- The Washington Times - Thursday, March 29, 2001

Whatever was ailing the Capitals for a couple of weeks, they seem to have found an antibiotic for it. They rallied to beat Tampa Bay on the road Saturday snapping one of the more gruesome five-game losing streaks in recent memory and they killed Carolina, 7-0, last night to all but eliminate the Hurricanes from the Southeast Division race.

The way they were whizzing around the ice, beating the opposition to the puck at every turn, you wouldn't have guessed they had recently been playing like the Worst Team in the History of Hockey. But then, the Caps are famous for their fainting spells, for suddenly forgetting en masse who they are and what makes them a good team in the first place.

These exercises in group hysteria often happen after the Capitals have gone through a stretch where they've scored a bunch of goals and start thinking they're the Bobby Orr-Phil Esposito Boston Bruins. That was clearly the case in this instance. They had just steamrolled the Penguins (twice), the Islanders, the Rangers and the Senators, averaging nearly five goals in the five victories, and, well, stuff like that can go to your head. Especially when you come back from a 5-2 deficit against Ottawa in the third period to win in regulation.

You wouldn't think the Caps would be prone to identity crises, being a veteran club and having played in pretty much the same style for years and years. You'd think they would have come to terms with their status as a loveable group of grinders. But, hey, every hockey player dreams of being Mario Lemieux until something like a five-game losing streak snaps him out of it.

Ron Wilson can only hope the storm has passed, that his team has finally come to its senses with the playoffs just six games away. The Capitals certainly seemed serious about the task at hand last night. It took Jeff Halpern a mere 1:28 to score on Arturs Irbe (just their second first-period goal in the last seven games), and the second period was ridiculous Ulf Dahlen, Andre Nikolishin, Calle Johansson and Trevor Linden all got goals to make it 5-0.

Now if the Caps can just resist the temptation to think of themselves as the Wayne Gretzky-Mark Messier Oilers.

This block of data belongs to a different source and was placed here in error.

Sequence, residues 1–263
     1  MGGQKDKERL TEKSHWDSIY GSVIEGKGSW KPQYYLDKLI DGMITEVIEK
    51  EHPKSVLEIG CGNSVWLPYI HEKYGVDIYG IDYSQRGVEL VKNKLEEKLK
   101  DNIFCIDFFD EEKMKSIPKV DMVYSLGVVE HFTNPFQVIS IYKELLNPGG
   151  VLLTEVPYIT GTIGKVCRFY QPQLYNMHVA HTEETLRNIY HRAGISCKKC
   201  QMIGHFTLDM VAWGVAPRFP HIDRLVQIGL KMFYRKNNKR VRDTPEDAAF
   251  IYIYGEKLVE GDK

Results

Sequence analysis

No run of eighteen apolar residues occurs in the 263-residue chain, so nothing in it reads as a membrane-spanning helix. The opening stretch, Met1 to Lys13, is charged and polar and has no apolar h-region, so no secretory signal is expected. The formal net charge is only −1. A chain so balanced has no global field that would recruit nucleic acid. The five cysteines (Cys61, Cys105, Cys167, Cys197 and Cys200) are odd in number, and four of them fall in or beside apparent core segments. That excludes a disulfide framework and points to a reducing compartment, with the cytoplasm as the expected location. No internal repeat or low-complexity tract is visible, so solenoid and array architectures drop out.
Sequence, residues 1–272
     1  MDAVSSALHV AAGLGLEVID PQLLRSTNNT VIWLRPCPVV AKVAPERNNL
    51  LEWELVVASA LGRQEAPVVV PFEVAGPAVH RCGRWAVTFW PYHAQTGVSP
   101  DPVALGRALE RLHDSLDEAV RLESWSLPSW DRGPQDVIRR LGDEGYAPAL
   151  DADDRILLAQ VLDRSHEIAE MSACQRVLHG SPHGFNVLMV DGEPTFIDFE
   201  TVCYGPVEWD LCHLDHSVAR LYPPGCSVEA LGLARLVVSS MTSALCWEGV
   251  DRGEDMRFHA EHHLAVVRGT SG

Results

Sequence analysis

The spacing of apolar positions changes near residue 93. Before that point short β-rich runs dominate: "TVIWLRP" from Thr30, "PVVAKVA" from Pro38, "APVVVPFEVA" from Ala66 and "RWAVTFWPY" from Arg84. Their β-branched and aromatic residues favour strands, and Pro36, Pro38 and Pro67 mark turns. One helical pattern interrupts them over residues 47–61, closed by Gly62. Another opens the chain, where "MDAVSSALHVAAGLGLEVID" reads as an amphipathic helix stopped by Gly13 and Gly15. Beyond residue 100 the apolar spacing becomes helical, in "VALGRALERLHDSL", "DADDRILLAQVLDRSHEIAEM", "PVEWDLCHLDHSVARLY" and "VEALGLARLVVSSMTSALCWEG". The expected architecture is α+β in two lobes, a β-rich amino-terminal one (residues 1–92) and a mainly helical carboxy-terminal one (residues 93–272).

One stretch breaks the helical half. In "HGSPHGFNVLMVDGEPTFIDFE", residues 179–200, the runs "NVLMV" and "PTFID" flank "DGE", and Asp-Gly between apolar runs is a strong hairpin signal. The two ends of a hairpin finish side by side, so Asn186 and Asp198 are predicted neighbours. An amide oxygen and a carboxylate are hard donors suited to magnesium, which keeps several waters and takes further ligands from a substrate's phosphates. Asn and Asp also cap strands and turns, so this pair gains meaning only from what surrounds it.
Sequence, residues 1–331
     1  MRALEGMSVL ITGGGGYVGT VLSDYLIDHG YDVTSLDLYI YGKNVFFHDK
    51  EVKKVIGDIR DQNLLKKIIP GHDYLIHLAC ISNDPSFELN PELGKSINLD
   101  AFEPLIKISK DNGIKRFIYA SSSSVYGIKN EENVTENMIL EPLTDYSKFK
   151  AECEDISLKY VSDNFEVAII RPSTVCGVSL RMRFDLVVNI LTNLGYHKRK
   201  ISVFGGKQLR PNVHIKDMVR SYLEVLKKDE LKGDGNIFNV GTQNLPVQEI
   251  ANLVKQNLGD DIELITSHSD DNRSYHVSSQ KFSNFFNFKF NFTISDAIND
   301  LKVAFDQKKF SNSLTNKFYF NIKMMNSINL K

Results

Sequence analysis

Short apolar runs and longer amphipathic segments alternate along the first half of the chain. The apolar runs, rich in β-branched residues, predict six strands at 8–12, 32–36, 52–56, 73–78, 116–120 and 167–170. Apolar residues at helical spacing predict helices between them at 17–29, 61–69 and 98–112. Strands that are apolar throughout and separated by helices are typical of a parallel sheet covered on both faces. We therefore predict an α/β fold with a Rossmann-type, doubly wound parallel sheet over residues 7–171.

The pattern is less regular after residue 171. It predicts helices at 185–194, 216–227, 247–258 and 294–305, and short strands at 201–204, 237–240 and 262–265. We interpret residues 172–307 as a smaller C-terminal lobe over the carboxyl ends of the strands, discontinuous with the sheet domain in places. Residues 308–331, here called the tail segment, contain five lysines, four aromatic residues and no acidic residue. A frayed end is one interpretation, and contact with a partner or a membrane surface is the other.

"It can work either way," Olie Kolzig said. "We can get overconfident [again], or we can build on it. The way things have gone the last few weeks, I think we're going to build on it. We're looking at these [back-to-back] games [against the Hurricanes] as kind of a mini-playoff series. We just did to them what the Penguins did to us in the first game [of the playoffs] last year, and now we'll go to Carolina and see what happens there."

Johansson's and Linden's goals were the most heartening Calle's because he was honored before the game for playing in his 1,000 NHL contest and deserved the memento, Linden's because he hadn't scored since coming over from Montreal and needed to remind everybody why George McPhee traded for him. Johansson has been a rock on this club for 12 seasons, but since he doesn't put up the offensive numbers of, say, Sergei Gonchar, his contributions have never been fully appreciated. Here's the best thing about him: At 34, he's playing as well as ever. He looks like he could be around another five years.

As for Linden, he's beginning to show signs of settling in as the second-line center. It's funny that the Capitals' recent swoon coincided with the trading deadline deal for Trevor and Dainius Zubrus. It suggested some kind of cause and effect. Chemistry is a delicate business in sports, and it was only natural to wonder if McPhee might have over-tinkered by making a trade when the Caps were the hottest team in the league.

But I still like the trade a lot and think the club is the better for it. McPhee would have been crazy to stand pat with Buffalo adding Donald Audette and Steve Heinze, Ottawa bringing in Mike Sillinger and the Devils, Flyers and Penguins being the Devils, Flyers and Penguins. Particularly after the Caps had been knocked out in the first round last year.

"I think a lot of things around here are blown out of proportion," Ron Wilson said of the Capitals' recent troubles. "It's frustrating. Maryland loses a 10-point lead against Duke in the last minute, and it's like, 'The season's over. Let's string up the coach.' And look where Maryland is now in the Final Four. We lose a few games, and you sense the same feeling."

By decapitating Carolina, 7-0 in a game with plenty riding on it the Caps proved beyond a shadow of a doubt that they're the best team in their division. Now they have to decide how much farther they want to take it.

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